We have the definition that a random process, $X_n$, is (1st power) uniformly integrable if

$$\lim_{M\to\infty}\sup_n\mathbb{E}(|X_n| ; |X_n|\geq M)=0$$.

My question is whether the following four statements are true and (intuitively) why this is or isn't the case:

  1. "$|X_n|$ is bounded for all $n$ $\implies$ $X_n$ is 1st power uniformly integrable."

My guess: it's true since if it's bounded there must exist some $M\in \mathbb{R}$ such that $M>|X_n|$, and so $\lim_{M\to \infty}\mathbb{I}\{|X_n|\geq M\}=0 $

  1. "$|X_n| < \infty$ $\implies$ $X_n$ is 1st power uniformly integrable."

My guess: intuitively to me it feels like this should be true by similar reasoning to (1); if $|X_n|$ is finite then as $M\to \infty$ we get $\mathbb{I}\{|X_n|\geq M\}=0$? And hence $\lim_{M\to\infty}\sup_n\mathbb{E}(|X_n| ; |X_n|\geq M)=0$? I think I'm wrong, however.

  1. "$\mathbb{E}|X_n| < \infty$ $\implies$ $X_n$ is 1st power uniformly integrable."

My guess: I think this is wrong because $\mathbb{E}|X_n| < \infty$ doesn't imply that $|X_n|$ is finite and so $\lim_{M\to \infty}\mathbb{I}\{|X_n|\geq M\}$ is not necessarily $0$?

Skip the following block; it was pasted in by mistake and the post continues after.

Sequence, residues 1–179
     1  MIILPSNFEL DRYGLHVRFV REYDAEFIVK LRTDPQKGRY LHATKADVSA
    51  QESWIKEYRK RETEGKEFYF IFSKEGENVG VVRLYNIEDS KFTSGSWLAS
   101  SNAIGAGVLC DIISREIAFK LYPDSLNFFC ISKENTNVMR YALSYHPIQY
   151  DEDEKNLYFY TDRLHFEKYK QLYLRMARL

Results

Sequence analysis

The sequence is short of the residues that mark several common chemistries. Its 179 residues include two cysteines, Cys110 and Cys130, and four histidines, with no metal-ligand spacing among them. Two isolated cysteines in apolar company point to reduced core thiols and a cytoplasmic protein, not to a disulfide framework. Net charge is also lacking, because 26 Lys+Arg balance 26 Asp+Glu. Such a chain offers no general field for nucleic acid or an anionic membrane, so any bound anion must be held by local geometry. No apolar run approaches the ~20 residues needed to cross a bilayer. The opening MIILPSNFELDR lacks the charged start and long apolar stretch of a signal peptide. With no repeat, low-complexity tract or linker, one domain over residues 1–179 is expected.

1. "If $\forall \epsilon>0, \exists\delta>0 $ such that $\mathbb{P}(|X_n|\geq M)<\delta $ implies $\mathbb{E}(|X_n| ; |X_n|\geq M)<\epsilon$ $\implies$ $X_n$ is 1st power uniformly integrable."

My guess: I think this is not true since I think that this doesn't necessarily mean that we can find $\delta$ such that $\sup_n\mathbb{E}(|X_n| ; |X_n|\geq M)<\epsilon$? My question would also be - if we add in either the condition that $\mathbb{E}|X_n|<\infty$ or that $|X_n|<\infty$ then does this imply uniform integrability?

  1. It depends actually whether the bound is allowed to depend on $n$ or not. If $\sup_{n\geqslant 1}\lvert X_n\rvert$ is finite, then your arguement works. But if we only assume that $\lvert X_n(\omega)\rvert\leqslant c_n$ for almost every $\omega$, uniform integrability may fail: consider $X_n(\omega)=n$ if $0<\omega<1/n$ and $0$ otherwise on $(0,1)$ endowed with Lebesgue measure.

  2. and 3. are covered by the previous counterexample.

For 4., the thing is that there are probability spaces such that $\mathbb P(A)$ is either $0$ or bigger than some $\delta_0$, like $\{a,b\}$ with $\mathbb P(\{a\})=\mathbb P(\{b\})=1/2$. In this case, the implication will be always satisfied with $\delta<1/2$, because the only way to have $\mathbb{P}(|X_n|\geq M)<\delta$ is that $\{|X_n|\geq M\}$ is empty. Hence a non-uniformly integrable sequence can also satisfy the implication.


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